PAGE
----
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Performance True Story

Performance True Story

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We had almost everything ready for the release of the kitchen sink demo this week until one of our fixes broke the build and we couldn’t get everything out in time. It’s disappointing but this means one more week to refine the demo.

During our debugging of the contacts demo that is a part of the new kitchen sink we noticed its performance was sub par. I assumed this was due to the implementation of getAllContacts & that there is nothing to do. While debugging another issue Steve noticed an anomaly during the loading of the contacts.

He then discovered that we are loading the same resource file over and over again for every single contact in the list!

In the new Contacts demo we have a share button for each contact, the code for constructing a ShareButton looks like this:

public ShareButton() {
    FontImage.setMaterialIcon(this, FontImage.MATERIAL_SHARE);
    shareServices.addElement(new SMSShare());
    shareServices.addElement(new EmailShare());
    shareServices.addElement(new FacebookShare());

This seems reasonable until you realize that the constructors for SMSShare, EmailShare & FacebookShare load the icons for each of those…​

These icons are in a shared resource file that we load and don’t properly cache. The initial workaround was to cache this resource but a better solution was to convert this code:

public SMSShare() {
    super("SMS", Resources.getSystemResource().getImage("sms.png"));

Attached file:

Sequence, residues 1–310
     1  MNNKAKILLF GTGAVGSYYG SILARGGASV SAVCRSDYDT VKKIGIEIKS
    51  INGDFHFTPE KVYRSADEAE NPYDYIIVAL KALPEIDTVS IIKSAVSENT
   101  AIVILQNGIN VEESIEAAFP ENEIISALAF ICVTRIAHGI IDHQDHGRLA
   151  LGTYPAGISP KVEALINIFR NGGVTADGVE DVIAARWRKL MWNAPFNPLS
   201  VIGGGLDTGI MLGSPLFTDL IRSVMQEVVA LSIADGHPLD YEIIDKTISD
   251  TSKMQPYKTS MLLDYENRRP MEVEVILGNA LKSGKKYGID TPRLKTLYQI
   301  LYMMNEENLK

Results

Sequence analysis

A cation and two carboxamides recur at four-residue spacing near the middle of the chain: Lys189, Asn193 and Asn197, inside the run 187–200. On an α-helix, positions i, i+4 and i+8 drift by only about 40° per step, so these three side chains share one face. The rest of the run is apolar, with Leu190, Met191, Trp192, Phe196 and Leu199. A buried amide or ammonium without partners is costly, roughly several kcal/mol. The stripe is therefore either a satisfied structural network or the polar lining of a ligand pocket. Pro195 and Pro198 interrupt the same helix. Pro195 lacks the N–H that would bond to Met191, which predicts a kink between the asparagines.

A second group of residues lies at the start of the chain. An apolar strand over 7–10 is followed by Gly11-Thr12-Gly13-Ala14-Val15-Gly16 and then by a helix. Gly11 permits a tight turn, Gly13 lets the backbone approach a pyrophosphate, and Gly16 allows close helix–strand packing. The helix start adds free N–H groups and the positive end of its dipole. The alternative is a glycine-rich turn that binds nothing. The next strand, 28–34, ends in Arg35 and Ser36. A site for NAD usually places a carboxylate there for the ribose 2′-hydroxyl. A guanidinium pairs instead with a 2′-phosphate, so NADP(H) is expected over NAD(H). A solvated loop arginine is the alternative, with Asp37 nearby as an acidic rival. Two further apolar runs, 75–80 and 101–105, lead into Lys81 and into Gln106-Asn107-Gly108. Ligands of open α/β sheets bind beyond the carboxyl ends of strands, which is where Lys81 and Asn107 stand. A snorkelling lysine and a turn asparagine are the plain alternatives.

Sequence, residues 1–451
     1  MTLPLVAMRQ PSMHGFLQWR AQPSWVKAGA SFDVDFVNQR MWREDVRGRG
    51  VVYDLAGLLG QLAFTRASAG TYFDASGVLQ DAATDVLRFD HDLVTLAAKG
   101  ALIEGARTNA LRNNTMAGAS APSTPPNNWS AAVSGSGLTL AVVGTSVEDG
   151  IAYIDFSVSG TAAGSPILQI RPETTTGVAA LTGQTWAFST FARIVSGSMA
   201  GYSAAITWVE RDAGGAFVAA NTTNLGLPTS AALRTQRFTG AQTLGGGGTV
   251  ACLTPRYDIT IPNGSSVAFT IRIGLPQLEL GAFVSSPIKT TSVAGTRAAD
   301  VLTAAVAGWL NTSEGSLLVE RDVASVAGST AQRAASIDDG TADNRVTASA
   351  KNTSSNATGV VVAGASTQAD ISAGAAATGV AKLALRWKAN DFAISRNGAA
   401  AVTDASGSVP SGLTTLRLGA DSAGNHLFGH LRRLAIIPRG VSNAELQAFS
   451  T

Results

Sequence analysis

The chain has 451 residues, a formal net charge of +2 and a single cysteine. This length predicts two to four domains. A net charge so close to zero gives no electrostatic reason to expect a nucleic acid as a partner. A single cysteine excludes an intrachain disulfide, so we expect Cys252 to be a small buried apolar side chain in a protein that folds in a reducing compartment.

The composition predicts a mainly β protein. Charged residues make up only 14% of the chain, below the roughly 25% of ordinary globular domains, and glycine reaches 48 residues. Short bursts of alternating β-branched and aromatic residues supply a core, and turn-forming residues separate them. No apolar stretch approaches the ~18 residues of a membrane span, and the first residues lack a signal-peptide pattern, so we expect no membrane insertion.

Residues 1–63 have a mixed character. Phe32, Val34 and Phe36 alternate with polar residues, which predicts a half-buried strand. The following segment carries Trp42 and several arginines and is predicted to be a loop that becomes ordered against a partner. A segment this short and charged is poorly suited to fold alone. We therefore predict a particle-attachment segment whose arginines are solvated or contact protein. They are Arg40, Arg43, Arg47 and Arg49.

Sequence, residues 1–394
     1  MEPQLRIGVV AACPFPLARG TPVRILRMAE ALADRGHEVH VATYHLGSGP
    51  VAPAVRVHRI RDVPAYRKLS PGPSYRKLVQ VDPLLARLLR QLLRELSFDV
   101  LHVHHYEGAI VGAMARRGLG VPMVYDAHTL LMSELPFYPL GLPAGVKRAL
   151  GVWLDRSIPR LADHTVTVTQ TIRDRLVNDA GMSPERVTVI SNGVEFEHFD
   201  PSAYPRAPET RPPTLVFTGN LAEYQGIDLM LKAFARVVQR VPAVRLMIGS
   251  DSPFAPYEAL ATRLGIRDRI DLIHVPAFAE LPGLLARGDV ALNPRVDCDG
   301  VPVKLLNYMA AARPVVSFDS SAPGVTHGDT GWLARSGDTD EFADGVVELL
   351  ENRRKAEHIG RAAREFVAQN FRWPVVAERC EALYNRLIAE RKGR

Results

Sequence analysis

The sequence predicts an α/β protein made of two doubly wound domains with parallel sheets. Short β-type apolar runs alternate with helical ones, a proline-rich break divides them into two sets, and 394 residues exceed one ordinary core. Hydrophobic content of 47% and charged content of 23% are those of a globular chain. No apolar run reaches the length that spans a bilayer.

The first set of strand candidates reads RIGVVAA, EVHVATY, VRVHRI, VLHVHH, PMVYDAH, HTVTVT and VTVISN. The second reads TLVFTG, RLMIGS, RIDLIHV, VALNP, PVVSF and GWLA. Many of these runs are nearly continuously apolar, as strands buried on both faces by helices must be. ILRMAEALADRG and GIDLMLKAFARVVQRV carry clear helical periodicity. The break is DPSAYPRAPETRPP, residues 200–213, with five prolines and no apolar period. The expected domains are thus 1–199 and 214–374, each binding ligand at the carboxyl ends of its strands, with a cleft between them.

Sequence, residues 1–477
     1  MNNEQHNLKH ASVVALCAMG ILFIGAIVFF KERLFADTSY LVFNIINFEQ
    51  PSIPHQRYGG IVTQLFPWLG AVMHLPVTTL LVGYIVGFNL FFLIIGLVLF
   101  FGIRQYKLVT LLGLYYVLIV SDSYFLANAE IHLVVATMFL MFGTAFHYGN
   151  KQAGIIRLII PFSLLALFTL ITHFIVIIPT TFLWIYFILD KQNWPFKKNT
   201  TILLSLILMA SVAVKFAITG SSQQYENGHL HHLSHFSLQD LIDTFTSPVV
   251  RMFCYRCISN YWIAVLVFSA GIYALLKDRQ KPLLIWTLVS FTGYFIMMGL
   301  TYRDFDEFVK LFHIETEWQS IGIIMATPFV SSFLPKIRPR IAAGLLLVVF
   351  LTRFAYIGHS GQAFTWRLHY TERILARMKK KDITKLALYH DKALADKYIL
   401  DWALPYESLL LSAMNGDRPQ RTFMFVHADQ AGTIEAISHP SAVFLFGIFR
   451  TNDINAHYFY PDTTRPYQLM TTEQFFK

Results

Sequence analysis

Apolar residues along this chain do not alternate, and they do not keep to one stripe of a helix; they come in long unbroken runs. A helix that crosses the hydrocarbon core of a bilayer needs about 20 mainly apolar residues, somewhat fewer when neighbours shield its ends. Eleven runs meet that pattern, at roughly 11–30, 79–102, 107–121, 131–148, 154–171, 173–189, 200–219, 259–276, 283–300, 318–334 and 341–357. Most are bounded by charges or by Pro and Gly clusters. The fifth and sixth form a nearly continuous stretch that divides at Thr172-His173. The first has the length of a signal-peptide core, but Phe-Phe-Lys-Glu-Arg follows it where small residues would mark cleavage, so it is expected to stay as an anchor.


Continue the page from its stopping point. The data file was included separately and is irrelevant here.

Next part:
Into this code:

public SMSShare() {
    super("SMS", null);

public Image getIcon() {
    Image i = super.getIcon();
    if(i == null) {
        i = Resources.getSystemResource().getImage("sms.png");
    return i;

This way the resource uses lazy loading as needed.

This small change boosted the loading performance and probably the general performance due to less memory fragmentation.

The lesson that we should learn every day is to never assume about performance…​

Scroll Performance – Threads aren’t magic

Another performance pitfall in this same demo came during scrolling. Scrolling was janky (uneven/unsmooth) right after loading finished would recover after a couple of minutes.

This relates to the images of the contacts.

To hasten the loading of contacts we load them all without images. We then launch a thread that iterates the contacts and loads an individual image for a contact. Then sets that image to the contact and replaces the placeholder image.

This performed well in the simulator but didn’t do too well even on powerful mobile phones. We assumed this wouldn’t be a problem because we used Util.sleep() to yield CPU time but that wasn’t enough.

Often when we see performance penalty the response is: “move it to a separate thread”. The problem is that this separate thread needs to compete for the same system resources and merge its changes back into the EDT. When we perform something intensive we need to make sure that the CPU isn’t needed right now…​

In this and past cases we solved this using a class member indicating the last time a user interacted with the UI.
Here we defined:

private long lastScroll;

Then we did this within the background thread